Being the dedicated public servants of the people that they are, members of the Florida Legislature have begun a grand tour of the state to gauge the hearts and minds of the citizenry, which, of course, they treasure about as much as the CIA seeking out the advice of the Pakistanis on how to track down terrorists.
The purpose of the road show is to gather public input on redrawing the district maps for state and congressional legislative seats. This means some people will gain power, while others lose some juice. It also means the elected folks in charge of this process will embrace it with all the fervor of contemplating a bowl of cold peas.
But not to worry about your voice being heard. Rep. Will Weatherford, R-Marcel Marceau, who will become speaker of the House after the 2012 elections after serving for all of 20 minutes in Tallahassee, insists everyone's vote is of incredible value, especially on Republican ballots.
That probably explains why your voice may be the only thing that's heard, since current House Speaker Dean Cannon, R-Emmett Kelly, and Senate President Mike Haridopolos, R-Be Vewry, Vewry Quiet, have ordered their members to take a vow of silence during the public redistricting hearings.
Members have been told not to utter so much as a request for a legalized bribe or ask any questions at the forums. And, in a classic Tallahassee homage to transparency and open government, legislative staffers have been forbidden to draw proposed legislative district maps that include any individual legislator's home.
Whew, for a minute there one might have suspected these glad-handers were trying to cook the books.
The gag order on the legislators is predicated on fears if they say anything at all, such as: "Where's my check?" or perhaps even nod in the general direction of a constituent, the remark will only fuel the expected legal challenges to the new maps.
So lawmakers will adhere to the caution often attributed to Abraham Lincoln, "Better to remain silent and be thought a fool than speak out and remove all doubt." The result: Attendees at the redistricting events will likely be confronted by legislators posing as Easter Island statues. Think of this as sort of the political equivalent of the Miranda rule.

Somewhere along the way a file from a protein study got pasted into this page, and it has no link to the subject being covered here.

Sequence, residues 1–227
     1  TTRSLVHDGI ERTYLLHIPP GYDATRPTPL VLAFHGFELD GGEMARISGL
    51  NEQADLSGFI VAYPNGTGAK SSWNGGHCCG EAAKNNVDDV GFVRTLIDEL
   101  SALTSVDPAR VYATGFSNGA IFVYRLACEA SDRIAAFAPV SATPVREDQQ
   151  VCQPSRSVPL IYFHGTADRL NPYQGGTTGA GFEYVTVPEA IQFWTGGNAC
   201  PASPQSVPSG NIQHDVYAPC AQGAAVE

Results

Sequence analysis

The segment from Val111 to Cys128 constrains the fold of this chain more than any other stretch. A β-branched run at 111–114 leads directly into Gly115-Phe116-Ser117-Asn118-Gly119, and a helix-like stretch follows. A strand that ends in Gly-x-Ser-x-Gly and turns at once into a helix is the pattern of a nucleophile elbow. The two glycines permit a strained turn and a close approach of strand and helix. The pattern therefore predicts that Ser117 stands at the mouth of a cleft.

While legislative districts are redrawn every 10 years using census data, this time around the process is fraught with danger for politicians since voters in 2010 approved two constitutional amendments requiring districts to be more fairly mapped out so that no one political party is unduly favored.
And that means legislative districts should no longer be gerrymandered to look like a blood splatter scene from Reservoir Dogs. This fairness stuff can only go so far.
This does take some of the fun out of the exercise of raw political power by the likes of Cannon and Haridopolos to reward friends and punish enemies if they are now required to be fair and reasonable.
Cannon took the lead in attempting to have the redistricting measures removed from last year's ballot, arguing if they were passed it would ultimately be undemocratic, socialist, union-loving, teacher-friendly anarchist judges deciding how districts would be drawn rather than a bunch of conniving, self-serving, partisan panhandling ideological pols.
When the Florida Supreme Court in effect told Cannon he was a silly person and left the measures on the ballot to eventually pass, the pouty speaker reacted by trying to break up the high court, essentially replacing it with the American Idol judges.
That didn't work either.
In the end, whether legislators babble on like a sobbing Glenn Beck will have relatively little effect on the likely litigation stemming from the redistricting exercise. Someone is always going to feel shortchanged or mapped out of the existence.
Take Florida Democratic U.S. Rep. Corrine Brown's district, which stretches from Jacksonville all the way down to west of Orlando and includes much of the Ocala National Forest. As we all know, as the Ocala National Forest goes, so goes Florida.
The district, which looks like a melted Dali watch, was clearly carved out to give Brown as many black votes as possible while preserving safe Republican districts. Under the new rules, Brown could conceivably lose her safe district if it is reapportioned along more logical contiguous borders. The same could happen to stacked-deck Republican districts, too.
There's a genuine risk of an outbreak of democracy. Little wonder then that chaps like Weatherford, Cannon and Haridopolos are telling their underlings to clam up. If the public catches on that real representative government might be in the offing, no good can from this.
Now if the political leadership in Tallahassee would take a vow of omerta during the legislative session we might be onto something. But that's probably a wish too far.